Evil is flexing


As I continue to work on my sermon for Reformation Sunday this week, I am reminded of
this passage from the book of Revelation:


15  I know your works. You are neither cold nor hot. I wish that you were either cold or hot.  16  So because you are lukewarm, and neither hot nor cold, I’m about to spit you out of my mouth.  17  After all, you say, ‘I’m rich, and I’ve grown wealthy, and I don’t need a thing.’ You don’t realize that you are miserable, pathetic, poor, blind, and naked.

Revelation 3:15-17 Common English Bible

I am thinking about it because Martin Luther most certainly was NOT a lukewarm pastor when he decided to write his 95 dissensions against the Roman Catholic Church – the document that caused him to hide in a castle for 7 years and ultimately to be excommunicated. The history that set off a series of events that lead to the Protestant Reformation and the bible being translated into German and subsequently every language so that people could read it for themselves and not rely on priests to read it for them.

When Luther observed the way those in power in the Roman Catholic church were burdening the poor by selling them indulgences—tickets to assure one’s passage into heaven when they died from diseases because they could not afford healthcare–he did not say, “well, there are good people on both sides of this situation.” No.

And to be fair, when we speak of Martin Luther, we cannot in good conscience present him without criticism. His anti-semitic writings were used to justify the persecution of Jewish people that continues to this day. He was simultaneously saint and sinner, saved by grace, but fully capable of the hubris that leads to justifying the oppression and torment of God’s beloved people.

We are not called to be peacekeepers by not taking a side against evil. We are living in a moment in history in which every single day we are faced with decisions about whether to stay quiet and go about our business or speak a word of truth that may well disrupt or even anger the ones to whom we are speaking. And as followers of Jesus Christ, our choice is clear. God always sides with those who are being oppressed, those on the margins of society, the sick, the suffering, the enslaved. For far too long we have been looking the other way at huge injustices that plague our society because we didn’t want to make waves. This Reformation, I call on each of you to find your voice. Call out the inequities you witness. Use your vote to dismiss those in power who have not used that power to work for those most in need in our country. Do not avoid the hard topics for the sake of peace– because the truth is –these topics is not peacemaking! It prolongs tension and extends suffering.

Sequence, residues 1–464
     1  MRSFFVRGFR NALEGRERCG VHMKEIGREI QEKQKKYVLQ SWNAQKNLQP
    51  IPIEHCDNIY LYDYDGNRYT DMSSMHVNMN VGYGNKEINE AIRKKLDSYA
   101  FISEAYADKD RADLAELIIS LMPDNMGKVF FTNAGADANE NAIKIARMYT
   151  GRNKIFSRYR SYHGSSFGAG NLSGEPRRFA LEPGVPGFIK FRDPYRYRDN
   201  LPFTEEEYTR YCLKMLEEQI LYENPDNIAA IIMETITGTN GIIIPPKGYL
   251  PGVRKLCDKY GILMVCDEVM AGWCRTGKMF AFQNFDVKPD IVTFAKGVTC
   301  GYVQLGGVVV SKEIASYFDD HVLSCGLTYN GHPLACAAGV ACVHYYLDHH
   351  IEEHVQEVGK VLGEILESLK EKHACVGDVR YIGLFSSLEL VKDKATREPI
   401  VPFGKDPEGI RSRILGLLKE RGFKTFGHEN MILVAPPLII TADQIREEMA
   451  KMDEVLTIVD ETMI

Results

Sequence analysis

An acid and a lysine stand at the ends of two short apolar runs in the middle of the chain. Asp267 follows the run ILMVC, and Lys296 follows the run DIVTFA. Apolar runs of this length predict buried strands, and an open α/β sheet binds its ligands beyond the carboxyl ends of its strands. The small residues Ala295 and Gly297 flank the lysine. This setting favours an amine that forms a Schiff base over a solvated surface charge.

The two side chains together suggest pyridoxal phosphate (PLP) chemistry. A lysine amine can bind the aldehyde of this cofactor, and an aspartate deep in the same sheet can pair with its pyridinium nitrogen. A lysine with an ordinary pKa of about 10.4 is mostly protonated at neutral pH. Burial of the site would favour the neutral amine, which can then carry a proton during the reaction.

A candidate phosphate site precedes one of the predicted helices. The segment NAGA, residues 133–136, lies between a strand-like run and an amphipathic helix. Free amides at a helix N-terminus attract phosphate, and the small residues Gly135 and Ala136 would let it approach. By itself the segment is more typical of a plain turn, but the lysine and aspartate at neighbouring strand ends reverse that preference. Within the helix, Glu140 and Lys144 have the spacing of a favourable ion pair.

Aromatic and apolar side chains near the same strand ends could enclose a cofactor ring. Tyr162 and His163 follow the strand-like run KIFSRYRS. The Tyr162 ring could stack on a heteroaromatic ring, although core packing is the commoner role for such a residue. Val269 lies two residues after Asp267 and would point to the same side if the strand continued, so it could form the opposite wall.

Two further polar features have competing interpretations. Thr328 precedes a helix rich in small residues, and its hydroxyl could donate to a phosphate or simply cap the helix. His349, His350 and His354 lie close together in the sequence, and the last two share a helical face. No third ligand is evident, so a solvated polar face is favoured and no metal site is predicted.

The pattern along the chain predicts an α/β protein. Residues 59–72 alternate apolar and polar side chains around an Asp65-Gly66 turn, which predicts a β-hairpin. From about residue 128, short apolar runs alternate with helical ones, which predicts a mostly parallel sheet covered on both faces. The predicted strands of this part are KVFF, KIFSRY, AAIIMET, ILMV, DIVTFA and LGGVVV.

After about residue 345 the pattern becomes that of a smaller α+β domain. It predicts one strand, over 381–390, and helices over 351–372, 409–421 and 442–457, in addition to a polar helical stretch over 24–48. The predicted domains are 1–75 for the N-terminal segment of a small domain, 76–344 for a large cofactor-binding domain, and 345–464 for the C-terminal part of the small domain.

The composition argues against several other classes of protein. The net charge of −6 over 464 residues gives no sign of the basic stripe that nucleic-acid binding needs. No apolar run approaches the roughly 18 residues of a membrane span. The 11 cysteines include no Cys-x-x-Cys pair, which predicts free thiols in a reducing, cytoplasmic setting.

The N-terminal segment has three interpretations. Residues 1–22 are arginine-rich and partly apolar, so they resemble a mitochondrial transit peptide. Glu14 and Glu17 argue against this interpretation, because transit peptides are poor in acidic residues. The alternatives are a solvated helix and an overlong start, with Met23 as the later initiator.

You and I both know that when we try to have close relationships with those who stand idly by or sanction evil, we are not at peace. Instead, we are plagued by having to walk lightly, by choosing our words carefully, by avoiding topics that ought not be avoided. When we avoid speaking the truth we often end conversations with a sense that we did not live into our best selves; that we were inauthentic and that our relationship with the one who we allowed to silence us is not healthy.

There is far too much at stake right now in our country for good people to remain silent on issues that cause death and suffering and a lack of elemental resources like food and clean water for some, while others are afforded the best health care money can buy, and more expensive food and drink than any God-fearing person would be comfortable accepting.

In this passage from Revelation, the wealthy who are living in perceived bliss do not even realize that, like it or not, they are not connected to the people in the society in which they live. So they do not see the many ways their lack of connection leaves them poor, blind, and naked. Reject this mindset of avoidance and acceptance. We are called to act for justice. And justice demands that we do not flinch when evil flexes; and we do not remain silent when those in power use that power to inflict harm on God’s beloved people. Evil is flexing every single day in our beloved country. Thou shalt not stand idly by.

Let us pray: You oh Lord have given us minds to think, hearts to love, and mouths to speak. Unleash your Spirit within us to stir up our courage, and give us the words to speak truth even when it causes others unrest. Enable us to be at peace in the wake of such conversations, knowing that words that disrupt are often words that create a more just world for all your beloved children. Amen.